Putin's Balkan Insecurities

Putin's Balkan Insecurities
AP Photo/Darko Vojinovic
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Two and a half years after the Russian invasion of Ukraine, too many public figures in the United States and Europe still seem unable to decipher Russia’s motives. Russian Foreign Minister Sergei Lavrov recently told a Bosnian newspaper that NATO’s readiness to extend membership to Montenegro and welcome Bosnia and Macedonia was not only a mistake but also a provocation. At a recent meeting, a European political figure professed that he could not begin to understand why Lavrov and his government feel this way. Neither is he alone. Far too many people in public life seem unable to grasp the motives driving Russian behavior.

Nobody in his right mind could believe that Bosnia, Macedonia, and Montenegro threaten Russia or its vital interests or that NATO can threaten Russia. Mustering eight battalions to defend its front-line allies by 2017 hardly constitutes evidence of a threat. Yet for Russia, the self-determination of these polities represents a threat. This is because Moscow’s actions in Ukraine and elsewhere in Europe strike at a triple target. The ancient Roman phrase about how the emperor sustained his popularity by giving the population bread and circuses applies here. The first target is the domestic one of ensuring that by promoting imperial adventures Putin retains power. Imperial adventurism is now the precondition for preserving Putin’s system and if the former is thwarted by the latter, it must either reform—which it clearly refuses to do—or go under.

The second target is Ukraine and all other post-Soviet states. Putin and his inner circle have frequently made clear that they believe these states have no real sovereignty nor is their territorial integrity worthy of consideration out of anything beyond expediency. But if Ukraine, from which Moscow derives its claim to rule over all “the Russias,” repudiates Moscow, Putin’s legitimacy as restorer of the empire and its great power status is instantly exposed as hollow. Ideas of democratic self-government will enter Russia through Ukraine’s success. Therefore, Ukraine’s reform project must be quashed, especially because the Russian elite view Ukraine as “little Russia,” which has no business claiming independence and no capacity for rule outside Russia.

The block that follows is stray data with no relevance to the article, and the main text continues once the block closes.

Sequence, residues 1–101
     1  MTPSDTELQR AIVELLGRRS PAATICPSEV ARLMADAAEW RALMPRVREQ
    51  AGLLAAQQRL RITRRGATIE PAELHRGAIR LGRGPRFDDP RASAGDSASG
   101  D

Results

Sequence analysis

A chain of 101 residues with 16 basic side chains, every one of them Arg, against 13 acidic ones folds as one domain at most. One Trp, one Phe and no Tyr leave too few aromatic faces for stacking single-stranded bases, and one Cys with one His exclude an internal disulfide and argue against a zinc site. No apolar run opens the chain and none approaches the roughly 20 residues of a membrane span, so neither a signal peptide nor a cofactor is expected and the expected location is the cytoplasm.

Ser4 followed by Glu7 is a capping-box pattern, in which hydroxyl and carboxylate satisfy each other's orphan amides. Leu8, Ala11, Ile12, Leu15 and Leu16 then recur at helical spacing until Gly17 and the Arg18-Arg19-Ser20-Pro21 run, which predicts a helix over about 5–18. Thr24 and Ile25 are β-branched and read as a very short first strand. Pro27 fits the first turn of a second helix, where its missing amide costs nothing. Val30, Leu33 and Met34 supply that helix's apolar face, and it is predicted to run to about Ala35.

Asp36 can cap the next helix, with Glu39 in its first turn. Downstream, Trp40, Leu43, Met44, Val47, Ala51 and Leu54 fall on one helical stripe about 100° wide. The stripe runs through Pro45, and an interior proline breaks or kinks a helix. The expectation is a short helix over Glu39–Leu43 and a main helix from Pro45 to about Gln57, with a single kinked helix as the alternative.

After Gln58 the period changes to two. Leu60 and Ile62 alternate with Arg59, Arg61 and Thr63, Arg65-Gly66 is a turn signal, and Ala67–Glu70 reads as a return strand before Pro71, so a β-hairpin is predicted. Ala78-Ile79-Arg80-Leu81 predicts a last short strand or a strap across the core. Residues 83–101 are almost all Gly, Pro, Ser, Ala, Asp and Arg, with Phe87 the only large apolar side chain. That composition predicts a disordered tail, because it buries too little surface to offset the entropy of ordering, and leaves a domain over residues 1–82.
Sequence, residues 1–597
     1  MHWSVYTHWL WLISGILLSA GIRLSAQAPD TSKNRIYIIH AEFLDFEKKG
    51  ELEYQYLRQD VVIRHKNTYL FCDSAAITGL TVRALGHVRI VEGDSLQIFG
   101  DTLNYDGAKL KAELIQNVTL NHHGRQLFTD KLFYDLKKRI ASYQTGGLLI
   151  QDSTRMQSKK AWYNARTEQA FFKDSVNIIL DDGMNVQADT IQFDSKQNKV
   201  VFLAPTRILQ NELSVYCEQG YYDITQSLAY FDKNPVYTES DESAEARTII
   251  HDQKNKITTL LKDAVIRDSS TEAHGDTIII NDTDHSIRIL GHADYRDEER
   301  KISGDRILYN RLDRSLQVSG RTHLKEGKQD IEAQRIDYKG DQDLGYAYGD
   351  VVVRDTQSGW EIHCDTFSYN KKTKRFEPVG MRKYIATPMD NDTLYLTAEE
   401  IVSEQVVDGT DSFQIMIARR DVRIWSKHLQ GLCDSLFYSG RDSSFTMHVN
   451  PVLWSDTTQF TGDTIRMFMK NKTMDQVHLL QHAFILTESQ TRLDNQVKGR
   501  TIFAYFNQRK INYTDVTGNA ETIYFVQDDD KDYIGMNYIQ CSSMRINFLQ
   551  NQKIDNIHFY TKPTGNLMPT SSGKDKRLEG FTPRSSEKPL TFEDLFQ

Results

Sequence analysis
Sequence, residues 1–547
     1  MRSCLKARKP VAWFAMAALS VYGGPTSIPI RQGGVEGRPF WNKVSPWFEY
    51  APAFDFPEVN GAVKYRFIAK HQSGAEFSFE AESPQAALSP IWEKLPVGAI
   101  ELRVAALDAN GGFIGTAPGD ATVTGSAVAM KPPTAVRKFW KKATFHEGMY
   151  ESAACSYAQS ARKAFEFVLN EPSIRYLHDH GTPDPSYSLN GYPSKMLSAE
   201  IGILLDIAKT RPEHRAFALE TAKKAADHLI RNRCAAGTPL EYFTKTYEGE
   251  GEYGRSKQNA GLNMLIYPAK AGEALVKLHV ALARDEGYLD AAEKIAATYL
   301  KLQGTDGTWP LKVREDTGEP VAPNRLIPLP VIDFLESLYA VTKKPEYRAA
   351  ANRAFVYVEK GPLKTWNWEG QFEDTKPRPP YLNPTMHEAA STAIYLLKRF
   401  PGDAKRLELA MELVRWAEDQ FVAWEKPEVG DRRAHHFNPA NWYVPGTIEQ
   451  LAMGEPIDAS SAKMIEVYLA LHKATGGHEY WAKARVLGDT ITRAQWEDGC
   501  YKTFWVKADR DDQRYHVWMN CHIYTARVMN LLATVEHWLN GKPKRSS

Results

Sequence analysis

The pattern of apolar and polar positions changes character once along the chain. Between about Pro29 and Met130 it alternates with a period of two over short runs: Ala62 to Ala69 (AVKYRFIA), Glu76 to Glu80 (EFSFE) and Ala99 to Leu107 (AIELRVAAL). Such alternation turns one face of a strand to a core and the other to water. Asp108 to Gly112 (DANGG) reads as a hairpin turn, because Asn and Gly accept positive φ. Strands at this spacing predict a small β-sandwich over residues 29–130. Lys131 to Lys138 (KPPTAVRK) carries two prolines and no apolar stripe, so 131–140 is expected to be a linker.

The third target is European integration. Historically European integration was Russia’s gravest security threat. But integration under Napoleon, the Hohenzollerns, or Hitler is one thing. Democratic integration under the EU and NATO threatens nobody except kleptocratic autocrats who cannot succeed without the incitement to permanent conflict and imperial games. Therefore, if we are to understand Moscow’s mindset, it becomes clear that Bosnia, Montenegro, and Macedonia cannot be allowed to achieve genuine self-determination and security through European integration. A Europe divided into two poles and spheres of influence cannot reach the “finality” desired by the EU and NATO and must be kept permanently in a state of conflict. In this sense, to quote the American publicist Randolph Bourne, war is the health of the state for Russia.

Accordingly, Balkan integration is another nail in the coffin of Moscow’s imperial project because it reaffirms the right and capabilities of free people to govern themselves and choose for themselves whether or not to be part of a larger political project. Even the integration of these three relatively insignificant Balkan polities represents a mortal threat to Russia’s self-defined worldview and political self-projection. For Russia and Putin’s system to be secure, the rest of Europe must not be secure and integration must remain an incomplete, suspended project. Russia defines its security as incompatible with the rest of Europe and its sovereignty above that of former Warsaw Pact members. Like so much of the Brezhnev-era stagnation, the Brezhnev doctrine of diminished or truncated sovereignty remains alive in Russian policy. So it is not surprising that Putin’s press secretary, Dmitry Peskov, said that Brezhnev is not a minus for us.

Only when European politicians understand the Russian worldview and the forces that motivate its policies will they stop taking for granted that we have common interests or problems that we and Russia must find a way to solve. Peaceful coexistence is the most that can be attained and that too broke down due to Soviet aggression. If European leaders insist on dialogue with Russia simply because it is a neighbor, they will get nowhere. Unfortunately for Moscow, the dialogue it claims to seek with the West has no basis in fact since Russia denies the fundamental principles that animate the West and that now include much of Eastern Europe. As long as Moscow regards democracy as a mortal threat, genuine dialogue, as opposed to what diplomats call an exchange of views, is not only unlikely, but also impossible.

Stephen Blank is a Senior Fellow at the American Foreign Policy Council.



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